With the recent announcement of our VMware Cloud Foundation (VCF) powered UCP RS system to deliver a hybrid cloud reality (check Dinesh's blog here for details), one of the interesting questions from early prospects is advice or guidance on how others are managing a hybrid private environment which consists of a traditional VMFS environment (and lately VVol) as they bring VMware vSAN based architectures into their environments. The basis for this question or the outcome they want to meet is to provide a pool of resources accessible to the various line of business or application teams which should provide different characteristics while providing those consumers with some level of intuitive control on where their assets will run to ensure they can meet their intended SLAs.
Here are some Amazon EBS Storage options to give a perspective on why this will be important in your VMware powered private hybrid cloud designs.. Each separate EBS volume can be configured as EBS General Purpose (SSD), Provisioned IOPS (SSD), Throughput Optimized. (HDD), or Cold (HDD) as needed. They have stated that some of the best price/performance balanced workloads on EC2 do take advantage of different volume types on a single EC2 instance. For example, they mention they see Cassandra using General Purpose (SSD) volumes for data but Throughput Optimized (HDD) volumes for logs, or Hadoop using General Purpose (SSD) volumes for both data and logs. This level of differentiation is first step in providing tiers of service to consumer of cloud resources.
Source: AWS Storage Options
But again, performance is just one layer. There are many characteristics when it comes to SLAs. Take the "availability" characteristic. As you may know, because an EBS volume is created in a particular availability zone, the volume will be unavailable in other availability zones if original availability zone itself became unavailable. Resources aren't replicated across regions unless you do so specifically. Again, that might be an important characteristic to an app service being rolled out (To be fair to AWS, they recommend creating snapshots as snapshot of volume(s) are available across all of the availability zones within a region)
This is an area that I've put some cycles into with the team when we defined the requirements around the latest release of our Hitachi VASA Provider (VP) version 3.4 to operationally enhance the right consumption of resources for vSAN, VMFS and/or VVol. Based on the VVol/SPBM program, we took advantage of some of the storage container concepts and latest tagging capabilities in vSphere 6.x to provide a better experience. With the latest Hitachi VP software, VMFS datastores (that may be adding additional datastore resources to an existing VCF based vSAN deployment or separate traditional VMFS environment), will be automatically tagged in vCenter with their specific SLA including cost characteristics. Click to enlarge GIF below to get a perspective of how the new VP WebUI (and API) provides the facility to assign capabilities to infrastructure resources, including automated vCenter tagging of VMFS datastores while allowing vSAN datastore(s) to be similar tagged with appropriate category capabilities. The end result is much more intuitive description of the resource capabilities available across vSAN, VMFS and VVol.
With this automated tagging of capabilities to existing and new datastores, vSphere policies can now be much richer and descriptive to consumers. Click to enlarge animated GIF below as it rolls through a typical vSphere policy, in this case a policy describing "Tier 1 Performance and DR Availability" with rulesets for VMFS, VVol and vSAN within the same policy. In my lab environment, this policy with its Tier 1 performance, Tier 2 availability and lowest cost capability found matching storage on all three entities allowing consumer to pick one of choices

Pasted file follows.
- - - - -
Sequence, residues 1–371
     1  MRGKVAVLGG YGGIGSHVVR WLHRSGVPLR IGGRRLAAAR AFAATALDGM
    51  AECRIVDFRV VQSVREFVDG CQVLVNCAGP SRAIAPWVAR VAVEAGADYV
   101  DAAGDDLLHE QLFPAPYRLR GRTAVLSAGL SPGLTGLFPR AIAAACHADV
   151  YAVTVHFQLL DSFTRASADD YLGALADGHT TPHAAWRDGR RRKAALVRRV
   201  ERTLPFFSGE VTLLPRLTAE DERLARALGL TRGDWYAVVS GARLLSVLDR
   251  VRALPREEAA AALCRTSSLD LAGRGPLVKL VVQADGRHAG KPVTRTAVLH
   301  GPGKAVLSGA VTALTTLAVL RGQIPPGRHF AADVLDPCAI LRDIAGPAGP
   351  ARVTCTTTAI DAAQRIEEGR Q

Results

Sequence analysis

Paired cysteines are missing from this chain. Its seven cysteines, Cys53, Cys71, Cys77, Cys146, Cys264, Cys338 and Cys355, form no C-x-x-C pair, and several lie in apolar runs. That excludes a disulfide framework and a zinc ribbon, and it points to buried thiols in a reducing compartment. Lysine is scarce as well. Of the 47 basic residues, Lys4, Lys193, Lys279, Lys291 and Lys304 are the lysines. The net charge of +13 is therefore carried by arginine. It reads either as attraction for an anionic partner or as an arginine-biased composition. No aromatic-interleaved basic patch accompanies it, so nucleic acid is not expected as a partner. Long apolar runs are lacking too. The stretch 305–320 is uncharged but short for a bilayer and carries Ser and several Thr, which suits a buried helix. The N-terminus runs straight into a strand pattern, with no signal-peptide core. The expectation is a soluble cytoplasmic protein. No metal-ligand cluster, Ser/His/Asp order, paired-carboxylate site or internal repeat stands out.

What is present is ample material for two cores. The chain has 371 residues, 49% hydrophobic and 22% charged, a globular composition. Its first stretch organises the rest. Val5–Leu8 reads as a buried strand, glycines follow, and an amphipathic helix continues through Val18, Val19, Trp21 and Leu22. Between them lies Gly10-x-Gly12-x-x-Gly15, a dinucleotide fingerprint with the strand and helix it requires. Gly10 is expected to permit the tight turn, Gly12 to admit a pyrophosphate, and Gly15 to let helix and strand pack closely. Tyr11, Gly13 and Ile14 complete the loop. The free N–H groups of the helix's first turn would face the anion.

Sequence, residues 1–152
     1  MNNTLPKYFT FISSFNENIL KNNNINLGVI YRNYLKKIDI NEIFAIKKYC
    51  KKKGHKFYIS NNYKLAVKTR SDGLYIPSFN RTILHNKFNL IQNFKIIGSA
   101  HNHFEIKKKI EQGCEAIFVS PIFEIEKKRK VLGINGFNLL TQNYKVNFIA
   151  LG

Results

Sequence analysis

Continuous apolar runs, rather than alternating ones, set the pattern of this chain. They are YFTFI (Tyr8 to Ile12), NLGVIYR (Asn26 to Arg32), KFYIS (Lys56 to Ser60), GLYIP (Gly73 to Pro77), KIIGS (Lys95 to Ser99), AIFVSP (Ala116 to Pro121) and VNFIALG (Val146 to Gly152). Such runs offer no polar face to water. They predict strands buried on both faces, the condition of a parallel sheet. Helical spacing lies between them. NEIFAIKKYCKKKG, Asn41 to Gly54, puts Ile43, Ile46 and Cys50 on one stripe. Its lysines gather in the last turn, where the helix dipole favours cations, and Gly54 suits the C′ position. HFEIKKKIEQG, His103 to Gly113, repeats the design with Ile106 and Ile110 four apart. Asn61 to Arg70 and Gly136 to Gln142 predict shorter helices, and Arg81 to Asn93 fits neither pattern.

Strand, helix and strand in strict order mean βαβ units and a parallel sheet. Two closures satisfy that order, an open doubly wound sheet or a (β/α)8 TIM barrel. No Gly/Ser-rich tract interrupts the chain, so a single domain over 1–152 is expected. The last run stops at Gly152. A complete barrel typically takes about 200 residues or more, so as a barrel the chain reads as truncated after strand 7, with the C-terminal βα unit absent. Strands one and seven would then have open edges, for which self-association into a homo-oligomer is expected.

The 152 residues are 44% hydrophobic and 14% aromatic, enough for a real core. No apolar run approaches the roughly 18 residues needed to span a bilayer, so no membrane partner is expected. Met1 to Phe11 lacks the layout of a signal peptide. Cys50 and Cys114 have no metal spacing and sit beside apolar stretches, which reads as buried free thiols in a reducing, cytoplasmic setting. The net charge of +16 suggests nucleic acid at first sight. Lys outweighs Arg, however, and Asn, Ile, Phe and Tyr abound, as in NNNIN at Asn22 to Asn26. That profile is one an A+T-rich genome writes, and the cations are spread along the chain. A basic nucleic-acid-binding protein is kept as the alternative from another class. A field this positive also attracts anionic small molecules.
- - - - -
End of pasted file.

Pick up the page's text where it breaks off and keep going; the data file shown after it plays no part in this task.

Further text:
The VMFS datastore highlighted below was configured to provide the highest level of availability and performance (GAD multi-datacenter active-active replicated enabled LDEV using accelerated flash on F1500 with data at rest encryption) and the VP software automatically tagged the corresponding datastore with the following capabilities; Tier 1 availability and performance, encryption and cost between 750 and 1000 units. This datastore would be a match when app owners or admins selected the "Tier 1 Performance, Encrypted and Active-Active availability" policy which in my lab environment ruled out vSAN or VVol as potential targets.
Taking the Apache Cassandra application example from Amazon, which I wanted to deploy on the VCF powered UCP RS system. During provisioning, I assigned the appropriate application owner understandable policy for each of the disks:- the high performance data disks for Cassandra VM with lower capacity landed on the vSAN datastore, while the log disk, 10x the size, landed on the iSCSI VMFS datastore. I didn't consume unnecessary storage from my all-flash vSAN as the VMFS datastore (and VVol datastore) was a suitable match for the characteristics for the log data in this example. There is so much more that can be exploited when you think of these capabilities can easily be extended and expressed for other infrastructure resources.
In summary, when it comes to provisioning resources, whether its from vSphere Client or vRealize Automation with its SPBM awareness, these richer policies are select-able to ensure appropriate resources are selected at VM level or indeed VMDK level. Taking a leaf out of Amazon's trees in EC2, this is the type of resource variability and ease of consumption needed to run a sustainable cloud environment meeting diverse needs across many application services as you update and modernize your infrastructure.
Check out the live demonstration of VCF powered UCP RS and Hitachi VASA (VP) Software at #VMworld 2017